Produced by The Rhythm Express as a part of their multiple artist compilation entitled Midnight Express, Ammoye delivers a soul stirring performance that has earned the attention of several of the worlds’ most notable music presenters on radio. Not only is Ammoye’s passionate delivery a representation of the plea’s of the people in all ghetto’s around the world, the songstresses intonation acts as a call to action for us to change the circumstances of the people’s suffering.
Recorded in Toronto with elite musicians Bill King (keyboards), Everton ‘Pablo’ Paul (drums and percussion), Jesse ‘Dubmatix’ King (Bass) and Shane ‘Shaky J’ Forrest (Guitar and Engineering), everyone associated with the project remarked on the importance of the song. Ammoye said “this song was really important to get right. I’m speaking for the people in Toronto as much as I am for the people in Ferguson, Baltimore, New York, London and all places in the world that have ghetto’s. It’s one song with one voice.”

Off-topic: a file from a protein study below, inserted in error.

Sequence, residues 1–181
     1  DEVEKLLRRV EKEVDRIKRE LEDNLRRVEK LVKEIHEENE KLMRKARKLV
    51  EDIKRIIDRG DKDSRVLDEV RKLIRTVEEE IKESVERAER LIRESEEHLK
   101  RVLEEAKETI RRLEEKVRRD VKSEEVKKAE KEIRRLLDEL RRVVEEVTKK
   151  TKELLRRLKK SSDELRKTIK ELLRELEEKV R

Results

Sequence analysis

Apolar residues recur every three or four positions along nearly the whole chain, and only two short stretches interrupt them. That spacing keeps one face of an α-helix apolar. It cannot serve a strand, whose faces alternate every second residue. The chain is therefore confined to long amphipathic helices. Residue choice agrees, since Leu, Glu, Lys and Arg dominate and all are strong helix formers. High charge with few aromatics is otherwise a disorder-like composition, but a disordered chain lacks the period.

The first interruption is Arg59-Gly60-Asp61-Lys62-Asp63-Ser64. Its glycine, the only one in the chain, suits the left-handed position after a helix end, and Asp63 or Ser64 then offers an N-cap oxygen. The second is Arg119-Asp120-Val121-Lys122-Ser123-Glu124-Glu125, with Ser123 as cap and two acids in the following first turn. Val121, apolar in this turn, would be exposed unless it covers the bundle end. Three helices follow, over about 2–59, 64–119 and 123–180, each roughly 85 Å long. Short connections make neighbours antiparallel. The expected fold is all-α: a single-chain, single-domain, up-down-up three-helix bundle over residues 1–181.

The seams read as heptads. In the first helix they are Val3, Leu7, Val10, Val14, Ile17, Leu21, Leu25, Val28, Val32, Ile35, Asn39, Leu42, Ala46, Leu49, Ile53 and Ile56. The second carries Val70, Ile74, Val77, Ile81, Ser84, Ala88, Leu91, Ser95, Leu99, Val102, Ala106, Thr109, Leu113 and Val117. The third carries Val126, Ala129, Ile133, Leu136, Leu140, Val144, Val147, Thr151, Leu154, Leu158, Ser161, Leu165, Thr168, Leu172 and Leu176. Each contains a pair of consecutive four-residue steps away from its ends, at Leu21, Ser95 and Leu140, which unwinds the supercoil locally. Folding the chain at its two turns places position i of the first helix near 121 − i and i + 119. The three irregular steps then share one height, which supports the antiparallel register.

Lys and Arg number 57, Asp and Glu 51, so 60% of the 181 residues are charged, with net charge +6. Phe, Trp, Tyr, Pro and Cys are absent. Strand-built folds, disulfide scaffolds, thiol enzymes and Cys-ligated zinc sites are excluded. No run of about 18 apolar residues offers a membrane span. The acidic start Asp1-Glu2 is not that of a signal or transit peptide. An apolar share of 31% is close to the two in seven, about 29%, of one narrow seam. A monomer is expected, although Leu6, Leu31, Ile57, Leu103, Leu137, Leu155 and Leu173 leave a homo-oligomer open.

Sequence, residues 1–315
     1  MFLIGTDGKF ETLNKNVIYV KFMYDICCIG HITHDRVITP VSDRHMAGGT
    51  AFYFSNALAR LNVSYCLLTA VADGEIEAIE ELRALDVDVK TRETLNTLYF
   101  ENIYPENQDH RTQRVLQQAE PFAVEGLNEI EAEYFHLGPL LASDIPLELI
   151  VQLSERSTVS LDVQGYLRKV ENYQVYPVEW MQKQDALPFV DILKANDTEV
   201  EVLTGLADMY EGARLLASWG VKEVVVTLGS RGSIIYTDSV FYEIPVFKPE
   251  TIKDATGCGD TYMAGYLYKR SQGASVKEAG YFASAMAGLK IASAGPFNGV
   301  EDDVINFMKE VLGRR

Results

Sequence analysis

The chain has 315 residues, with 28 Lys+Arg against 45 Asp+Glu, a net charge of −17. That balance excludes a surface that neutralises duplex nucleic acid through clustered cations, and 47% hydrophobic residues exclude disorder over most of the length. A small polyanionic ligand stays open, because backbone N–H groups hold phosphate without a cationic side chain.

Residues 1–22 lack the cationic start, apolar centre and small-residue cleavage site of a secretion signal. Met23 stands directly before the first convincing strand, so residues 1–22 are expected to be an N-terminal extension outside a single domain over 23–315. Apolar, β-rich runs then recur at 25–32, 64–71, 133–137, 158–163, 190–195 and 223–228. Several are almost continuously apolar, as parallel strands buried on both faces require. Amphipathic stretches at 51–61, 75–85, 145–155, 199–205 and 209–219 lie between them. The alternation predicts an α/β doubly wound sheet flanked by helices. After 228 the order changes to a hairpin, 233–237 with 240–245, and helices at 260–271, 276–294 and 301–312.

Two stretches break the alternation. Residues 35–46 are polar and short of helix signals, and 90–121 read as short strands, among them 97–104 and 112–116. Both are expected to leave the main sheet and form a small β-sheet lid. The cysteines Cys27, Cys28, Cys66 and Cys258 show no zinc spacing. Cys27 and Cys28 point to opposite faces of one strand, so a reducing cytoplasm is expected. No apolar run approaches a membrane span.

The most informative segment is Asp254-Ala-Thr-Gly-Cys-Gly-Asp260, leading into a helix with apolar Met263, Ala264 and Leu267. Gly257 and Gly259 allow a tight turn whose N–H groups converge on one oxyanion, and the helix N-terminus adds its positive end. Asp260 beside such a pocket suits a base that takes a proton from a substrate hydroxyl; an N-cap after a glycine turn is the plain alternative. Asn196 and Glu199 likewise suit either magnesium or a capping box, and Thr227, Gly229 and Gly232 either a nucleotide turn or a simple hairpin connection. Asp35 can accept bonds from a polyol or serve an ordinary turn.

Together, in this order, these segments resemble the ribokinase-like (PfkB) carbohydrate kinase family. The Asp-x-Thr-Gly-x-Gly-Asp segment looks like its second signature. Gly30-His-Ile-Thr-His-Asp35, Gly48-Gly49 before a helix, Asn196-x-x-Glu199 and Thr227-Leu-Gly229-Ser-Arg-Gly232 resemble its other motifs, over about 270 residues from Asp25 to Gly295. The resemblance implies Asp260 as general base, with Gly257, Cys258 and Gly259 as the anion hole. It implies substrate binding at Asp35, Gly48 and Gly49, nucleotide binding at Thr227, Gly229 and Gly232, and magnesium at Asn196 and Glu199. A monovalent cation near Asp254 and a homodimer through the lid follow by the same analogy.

Producers for the project included this song in the project as it draws contrast between the living situation of African Americans in the 60’s and 70’s, and the world situation today. As the economic focus shifts, an increase in ghetto’s can be seen in several cities around the world, as well as the struggles of the people who live there.
In addition to the original recorded by Marlene Shaw, “Woman of the Ghetto” was also recorded by Jamaica’s Phyllis Dillon. Ammoye’s version is the first to be covered by a Reggae / Lover’s Rock artist in Canada.